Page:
Ideas from my shop #3: Cherry End Tables: How To

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Blog entry by David posted 05-15-2008 12:17 AM 3372 reads 6 times favorited 8 comments Add to Favorites Watch
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May 14, 2008 ~ Happy Birthday Samantha

Cherry End Tables

This is one of my favorite days of the year; the day my grandaughter Samantha was born. It seems like yesterday but it was really 10 years ago. Of course the other favorite day is Emily’s B-day and she is 3. So I digress but thought today would be a good time to finally put together this sequence on these Cherry End Tables.

Our Daughter wanted me to make her two end tables out of Cherry and liked the design of two that I made from oak at our house. It’s running close to 9 bucks a BF around here so I swallowed hard and she said she would pay me. After I got my heart started again I told her I’d figure up about how much it would be. You can figure at least 17 BF for each one plus hardware, finish, sanding sundries, gas to pick up the stuff and a sharpening job on the saw blade just to call it fair.

Here’s a parts list if you want to make one. It’s my own design so you won’t be infringing on anyone’s copyright , patent or ego. I’m sure it is influenced by things I’ve seen over the years but I didn’t have anything in mind or around when I designed it so I guess it’s as origional as one can get. Of course, if you do make one; I’d expect you to send me a royalty of 500 bucks unless you can’t afford it then just drop by with a 6 pack or coffee (depending on the time of day) and we’‘ll talk shop.

They have an “Artist Tour” here on the Island every May which was last weekend. I went around and saw more blown glass and paintings; enough to last me a long time. I can buy a lot of Cherry for what a small blown glass vase would cost (300 buck plus !!!) and made from recycled beer bottles to boot. Amazing what folks will pay for stuff ….. Wish I could sell some furniture for that mark-up.

Cherry End Table Parts List: 1 table (I made two) all measurements in inches

Top 3/4 X 17 X 28 Qt 1
Side Apron 3/4 X 4 X 20 1/2 ~ plus tennon Qt 2
Rear Apron 3/4 X 4 X 10 1/4 ~ plus tennon Qt 1
Side Stretcher 3/4 X 3 1/4 X 20 1/2 ~ plus tennon Qt 2
F & R Stretcher 3/4 X 3 1/4 X 10 1/4 ~ plus tennon Qt 2
Legs 1 3/4 X 1 3/4 X 12 1/4 Qt 4
Shelf 3/4 X 11 1/4 X 21 3/8 Qt 1
Drawer Frames 3/4 X 1 1/2 X ?
Cleats Various
Drawer to fit (use the apron sizes when you go to purchase the wood)
Drawer Bottom 1/4 Cherry plywood Qt 1

Note: I added 1 1/2 for the two tennons (3/4 each) then ended up clipping off just a hair so they would not bottom out in the mortise. The lengths shown are the leg to leg distances.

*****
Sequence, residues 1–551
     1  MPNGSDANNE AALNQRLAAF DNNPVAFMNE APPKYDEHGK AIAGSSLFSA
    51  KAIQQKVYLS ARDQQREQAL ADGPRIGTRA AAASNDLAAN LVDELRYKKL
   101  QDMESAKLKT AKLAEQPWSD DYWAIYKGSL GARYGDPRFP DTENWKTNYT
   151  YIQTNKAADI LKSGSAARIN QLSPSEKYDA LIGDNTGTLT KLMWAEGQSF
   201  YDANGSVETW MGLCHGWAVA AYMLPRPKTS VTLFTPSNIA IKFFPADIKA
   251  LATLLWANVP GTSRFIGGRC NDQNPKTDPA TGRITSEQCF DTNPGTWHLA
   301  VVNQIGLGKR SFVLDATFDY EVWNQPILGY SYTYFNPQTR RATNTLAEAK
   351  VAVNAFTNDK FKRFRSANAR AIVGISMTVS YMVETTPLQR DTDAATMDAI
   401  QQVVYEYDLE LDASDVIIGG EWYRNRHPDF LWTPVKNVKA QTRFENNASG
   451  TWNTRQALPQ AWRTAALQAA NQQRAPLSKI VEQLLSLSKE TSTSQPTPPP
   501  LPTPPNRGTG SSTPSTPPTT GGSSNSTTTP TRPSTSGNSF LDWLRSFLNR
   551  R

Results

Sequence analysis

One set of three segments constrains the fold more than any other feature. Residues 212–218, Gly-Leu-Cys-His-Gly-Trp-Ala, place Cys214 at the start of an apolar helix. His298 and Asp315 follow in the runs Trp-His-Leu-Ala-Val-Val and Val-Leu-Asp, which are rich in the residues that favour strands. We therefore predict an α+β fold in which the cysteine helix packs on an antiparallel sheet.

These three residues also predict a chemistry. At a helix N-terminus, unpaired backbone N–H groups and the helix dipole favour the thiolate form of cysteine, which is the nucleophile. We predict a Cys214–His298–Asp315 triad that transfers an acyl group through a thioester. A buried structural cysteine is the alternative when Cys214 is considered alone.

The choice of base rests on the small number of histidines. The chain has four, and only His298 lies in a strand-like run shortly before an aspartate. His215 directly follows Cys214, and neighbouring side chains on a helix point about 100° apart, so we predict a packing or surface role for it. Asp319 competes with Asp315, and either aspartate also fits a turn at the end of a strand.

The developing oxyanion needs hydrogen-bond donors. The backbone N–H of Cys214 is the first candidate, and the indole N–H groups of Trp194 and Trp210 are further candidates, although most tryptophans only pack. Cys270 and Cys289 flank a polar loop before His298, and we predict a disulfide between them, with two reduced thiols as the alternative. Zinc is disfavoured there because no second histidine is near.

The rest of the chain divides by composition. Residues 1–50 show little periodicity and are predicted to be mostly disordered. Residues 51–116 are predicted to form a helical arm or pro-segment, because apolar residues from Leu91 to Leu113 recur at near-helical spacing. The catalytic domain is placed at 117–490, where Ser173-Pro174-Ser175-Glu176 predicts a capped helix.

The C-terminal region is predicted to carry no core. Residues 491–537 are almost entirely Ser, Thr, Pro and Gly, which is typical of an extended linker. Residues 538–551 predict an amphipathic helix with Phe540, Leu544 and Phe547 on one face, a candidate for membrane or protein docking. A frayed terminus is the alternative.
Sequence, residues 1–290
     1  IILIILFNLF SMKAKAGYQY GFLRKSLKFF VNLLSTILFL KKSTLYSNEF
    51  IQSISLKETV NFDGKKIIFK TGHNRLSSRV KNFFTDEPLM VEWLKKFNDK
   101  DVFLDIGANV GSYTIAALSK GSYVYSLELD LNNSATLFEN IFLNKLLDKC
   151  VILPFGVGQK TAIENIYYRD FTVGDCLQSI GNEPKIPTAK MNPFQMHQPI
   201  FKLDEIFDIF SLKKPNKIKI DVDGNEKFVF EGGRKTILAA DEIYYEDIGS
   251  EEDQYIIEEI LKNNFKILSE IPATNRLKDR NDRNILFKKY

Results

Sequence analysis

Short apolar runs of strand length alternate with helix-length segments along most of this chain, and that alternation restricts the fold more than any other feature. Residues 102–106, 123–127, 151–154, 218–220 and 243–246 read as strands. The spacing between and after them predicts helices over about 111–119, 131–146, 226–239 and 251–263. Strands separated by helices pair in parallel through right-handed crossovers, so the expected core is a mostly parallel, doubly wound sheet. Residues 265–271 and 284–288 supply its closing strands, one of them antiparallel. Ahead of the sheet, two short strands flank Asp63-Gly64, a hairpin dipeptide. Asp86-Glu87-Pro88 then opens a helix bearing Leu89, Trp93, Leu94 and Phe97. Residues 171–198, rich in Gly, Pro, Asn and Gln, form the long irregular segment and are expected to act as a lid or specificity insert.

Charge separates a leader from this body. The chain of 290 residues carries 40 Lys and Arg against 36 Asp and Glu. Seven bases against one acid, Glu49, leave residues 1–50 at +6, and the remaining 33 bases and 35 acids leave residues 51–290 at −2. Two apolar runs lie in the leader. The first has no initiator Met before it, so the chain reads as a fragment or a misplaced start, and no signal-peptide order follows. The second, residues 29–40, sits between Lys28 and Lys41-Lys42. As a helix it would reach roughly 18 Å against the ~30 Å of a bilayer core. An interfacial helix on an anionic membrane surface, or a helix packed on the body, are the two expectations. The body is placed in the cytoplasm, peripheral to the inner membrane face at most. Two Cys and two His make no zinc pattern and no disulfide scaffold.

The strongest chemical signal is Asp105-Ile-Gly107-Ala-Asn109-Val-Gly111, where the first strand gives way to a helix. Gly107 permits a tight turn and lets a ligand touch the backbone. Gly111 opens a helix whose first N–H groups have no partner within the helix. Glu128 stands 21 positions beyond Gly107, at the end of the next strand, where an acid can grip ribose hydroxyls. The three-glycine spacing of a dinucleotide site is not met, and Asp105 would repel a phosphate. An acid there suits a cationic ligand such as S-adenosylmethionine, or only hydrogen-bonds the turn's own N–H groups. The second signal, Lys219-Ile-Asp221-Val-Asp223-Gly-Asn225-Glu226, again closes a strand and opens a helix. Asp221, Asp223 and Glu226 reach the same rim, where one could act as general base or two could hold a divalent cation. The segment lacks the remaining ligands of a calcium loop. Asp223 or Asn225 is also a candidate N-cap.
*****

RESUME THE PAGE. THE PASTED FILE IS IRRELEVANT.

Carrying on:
After a trip to the yard and hours of sorting thru cherry, I brought it home and started by cutting it down to rough lengths and sorting it all out. My first endeavour was the legs…..
Squared out at size and length, I dug out my leg mortise jig and cut all of the mortises. Pay attention as there are left and right parts and the front and rear legs are not interchangable. A lesson I learned when I built my oak tables. If you need a set of RR legs I have a couple of spares. Here’s the jig and setup.

Clamp to the bench Back side of jig How the leg fits in back side Top side of jig

”Yea…I know just turn your head a bit”

So with a 3/8 spiral bit in the router, just plunge it in and cut out the mortices. (no don’t try to slam it down and cut it all at the same time) Clamp the jig down to the leg and table; the photo doesn’t show that.

Router ready to go Without spacer held w/ blue tape With spacer held w/ blue tape
The spacer just held in with blue tape allows for the difference in the side and F&R aprons. The side aprons being wider get a longer mortise. The spacer is about 1” ... I’d have to go measure it. The bottom edge of the stretchers are the same height from the bottom end of the leg but the end stretchers are narrower as well as shorter. This puts the shelf top surface flush with the end stretchers. The side stretchers sit proud.

Mark each leg mortise and label the top end of the leg where it will go ie RF,LF,RR,LR or you’ll get ‘em messed up. Mark the mortise location and if it doesn’t show thru the opening in the jig; stop and scratch yer head! It took me an hour to do all of them once set up. Once they are all mortised out (double check) ~~ the next step is to put an angle on the leg ends.

Fancy taper jig different view

I cut off an angle on the two inside surfaces and not the outside surfaces: just my style ~ no other reason. It’s about 1/2” x 2 1/2 long. It is only what looks good and as long as they are all cut with the same setup to match, you’ll be fine. I’m a stickler for accuracy (repeatability) vs precision: get a conversation going on that one !! This took about 15 minutes once set up. Setup took about 1 minute after 20 minutes to find my hammer.

Ready to sand the legs, I got out my Redneck (trademark) sander and dust removal system. You’ll have to make your own. You can copy my sander from my previous blog. It took me 1 hr to sand the legs.

RN Sander and DRS front RNS and DRS rear view

My shop’s on wheels so it look different every time I use it.

Shop equip

With a stop block or the fence retracted (whatever your preference) cut the aprons and stretchers to length. All goes back to that repeatability thing. If you’re off a smidge; they all need to be off the same smidge. Remember the definition of a rectangle.